Good! I Got it Wrong!

Children and more mature students typically differ in their response to getting a question incorrect.   For younger children, and especially for self-absorbed teenagers, getting answers wrong can too easily be interpreted as some kind of negative personal message (e.g. “I’m dumb”, “there’s something wrong with me”, etc.) and it becomes a negative frustrating experience.

Getting questions wrong

For more mature, self-aware learners, folks who are emotionally content and comfortable with themselves, a much different perspective becomes available.  Every mistake, every wrong answer, is an opportunity for growth and self-improvement.  The truly excellent student lives by the very high standard: absolutely never make the same mistake twice.  That requires incredible perseverance, but even falling short of that, each wrong answer is a chance to improve, to clarify some necessary concept of which you previously were unclear.

Think of how grateful you would be if, before some important event, by chance you happened upon a mirror when you have a smudge of something on your face: you can wipe that smudge off and substantially improve your appearance before the important event.  In a metaphorical way of viewing the situation, every question you get wrong is such an opportune mirror, a chance to look at yourself and improve yourself.

Improve your GRE score with Magoosh.


The design of Magoosh study plans

Our study plans are designed with this in mind.  We have students jump into mixed content questions right away, well before they have a chance to complete all the Magoosh video lessons.   One reason is — of course, the GRE itself will throw nothing but mixed content at you, and we want you to get comfortable with this “gear-switching” as early in your study process as possible.  Furthermore, we know this will mean students, on average, will get many questions wrong at the beginning, and we believe this is a good thing.  Obviously, we are not trying to punish students.  Rather, we know that making mistakes, and consciously reflecting on these mistakes, is exactly what will prime our students’ minds for the content of the video lessons.  By the time a student gets to Concept X in the 47th video lesson, that student won’t think, “Why do I have to know this?”  Rather, ideally that student will remember the problem he got wrong earlier, and will have an “aha!” moment as the new idea makes everything click.



It takes a good deal of confidence and emotional security to adopt this attitude —- to look beyond the frustration of getting questions wrong, and to embrace, with courage and optimism, the opportunity for self-improvement implicit in each mistake.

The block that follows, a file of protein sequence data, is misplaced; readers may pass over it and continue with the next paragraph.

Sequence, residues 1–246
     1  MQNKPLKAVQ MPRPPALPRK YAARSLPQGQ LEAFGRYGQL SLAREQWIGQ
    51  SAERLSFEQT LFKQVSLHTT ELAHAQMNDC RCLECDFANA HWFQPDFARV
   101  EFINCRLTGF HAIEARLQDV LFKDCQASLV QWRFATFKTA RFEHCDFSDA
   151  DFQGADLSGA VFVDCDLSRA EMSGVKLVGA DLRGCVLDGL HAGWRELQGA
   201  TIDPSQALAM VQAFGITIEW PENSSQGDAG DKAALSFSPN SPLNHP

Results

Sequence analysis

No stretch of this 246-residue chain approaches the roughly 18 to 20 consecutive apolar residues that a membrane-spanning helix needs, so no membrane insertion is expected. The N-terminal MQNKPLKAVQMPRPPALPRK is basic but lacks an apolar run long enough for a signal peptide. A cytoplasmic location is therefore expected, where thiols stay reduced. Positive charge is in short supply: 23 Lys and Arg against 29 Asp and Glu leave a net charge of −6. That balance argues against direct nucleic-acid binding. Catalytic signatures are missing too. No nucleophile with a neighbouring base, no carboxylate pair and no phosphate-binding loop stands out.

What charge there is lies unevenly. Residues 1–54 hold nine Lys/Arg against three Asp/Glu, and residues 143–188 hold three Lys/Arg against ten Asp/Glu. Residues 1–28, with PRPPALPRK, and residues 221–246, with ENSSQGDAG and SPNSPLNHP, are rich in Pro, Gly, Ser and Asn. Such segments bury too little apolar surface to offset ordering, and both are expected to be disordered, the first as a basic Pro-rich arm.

There’s a fantastic story about Thomas Edison.  Apparent, he and his team were working on the electric light bulb, and the hard part was finding the right material for the filament, a material that wouldn’t melt or burn out at the high temperature required.  They methodically tried material after material with no success, month after month.  At one point, the foreman came to Edison utterly exhausted, frustrated, and ready to throw in the towel, saying, “We’ve tried a thousand different materials, and nothing works.  All these months of work have been a complete failure.”  Edison immediately responded, “A failure?  Nonsense!  We now know a thousand ways that it doesn’t work!”  Of course, it was precisely that optimism and confidence in the face of no apparent success that allowed Edison and his team eventually to produce the first working electric light bulb —- the archetypal symbol of a good idea!


Being extraordinary

In the face of an apparent lack of success, it’s very hard to maintain this level of courageous optimism.  It takes a very strong and secure individual who can say, “I’ve gotten 200 GRE questions wrong so far, and that’s great, because from those mistakes I have learned 200 new concepts which I can use!”  It’s such an extraordinary perspective that it may even strike some readers as absurd.

This perspective most certainly is extraordinary.  Here, I would remind readers of the Great Law of Mediocrity: if you approach things in the same way that everyone else does, you will wind up with results that pretty much look much the same as everyone else’s results.  If you want to stand out, you must be a standout.  If you want extraordinary results, you need an extraordinary perspective.   If you want Edison-like success on the GRE, it will take an Edison-like attitude.  My friends, wherever you are in your GRE preparation, that is exactly the kind of success I would wish for you.


P.S. Ready to improve your GRE score? Get started today.

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34 Responses to Good! I Got it Wrong!

  1. roja October 16, 2017 at 8:57 pm #